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LBJ's condolence letter to Coretta Scott King goes on display

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To commemorate King's birthday and Black History Month, library staff coupled the letter exhibit with an inspirational art collection, Brian Washington's "The Continual Struggle." The charcoal art work documents the Civil Rights movement and America's struggle against segregation and race-based disenfranchisement.

"He did the epic artwork as if he was there," said Roy Spence, Co-Founder and Chairman of GSD&M Advertising.

Spence helped bring the collection to the library. He has known Washington for years because the artist went to college with his daughter.  

"Brian went to Duke, so did my daughter. He became a lawyer, a brilliant lawyer," said Spence. "One day, about eight years ago, he comes to my home with my daughter and shows me this artwork," Spence recalled. "And I went 'Brian, where did you get this?' And all he did was touch his heart. And I said 'What?' He said, 'I did this.' I went, 'You're an artist?' No one knew."

Spence said part of what makes Washington's art so amazing is how he captures moments in history that he himself didn't witness. Washington is only 35.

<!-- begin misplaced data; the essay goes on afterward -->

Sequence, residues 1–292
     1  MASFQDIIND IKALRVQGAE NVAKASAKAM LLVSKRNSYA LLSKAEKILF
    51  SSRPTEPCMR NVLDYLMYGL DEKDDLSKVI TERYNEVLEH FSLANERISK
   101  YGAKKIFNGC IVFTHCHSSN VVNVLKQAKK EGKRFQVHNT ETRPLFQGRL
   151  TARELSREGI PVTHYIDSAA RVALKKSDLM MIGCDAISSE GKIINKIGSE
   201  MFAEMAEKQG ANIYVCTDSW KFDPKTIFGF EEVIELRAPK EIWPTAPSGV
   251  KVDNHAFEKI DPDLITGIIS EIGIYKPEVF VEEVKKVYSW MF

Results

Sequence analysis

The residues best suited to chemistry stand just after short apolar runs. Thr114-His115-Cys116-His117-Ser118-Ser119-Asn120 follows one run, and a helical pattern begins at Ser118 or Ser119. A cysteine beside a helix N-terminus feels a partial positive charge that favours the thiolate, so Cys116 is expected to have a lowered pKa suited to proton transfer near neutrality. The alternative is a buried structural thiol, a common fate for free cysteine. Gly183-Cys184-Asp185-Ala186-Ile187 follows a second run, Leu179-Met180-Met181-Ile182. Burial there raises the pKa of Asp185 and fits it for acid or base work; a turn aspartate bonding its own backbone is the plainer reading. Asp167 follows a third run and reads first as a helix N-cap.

"He's pretty much a genius and a historian. He went back and studied all the facts of the matter during the movement so he could bring to life the heart of the matter," said Spence. 

Spence was such a fan of Washington's work that he hung the piece "Get on the Bus" in his home. President Bill Clinton, who is friends with Spence, was also touched by the piece and has it hanging in his personal office in Harlem, New York.

"The Continual Struggle is a collection of masterful art, a poignant depiction of America's journey toward a more perfect union, and a remarkable contribution to America's discussion of the issues it confronts," Clinton said of why the artwork is significant.

"I was surprised when I saw this, his passion for this line of work," said Washington's father Al. "When I look at his art, I can feel the spirituality. As his father and growing up in a segregated world, and his mother also, Brian was educated in several different places and the only thing he got during his education was about the heroes of the movement, which was Martin Luther King. And he knew there was this. So what he's tried to do here was educate people on, that the simple people, the everyday working people...ordinary people doing extra ordinary things. These people played an important role. Some people lost their life, some people went to jail. Brian grasped that early and so what he attempted to do here is bring those people to the forefront. Educate people his age about 'hey, this is not an overnight process,' there's people that died."

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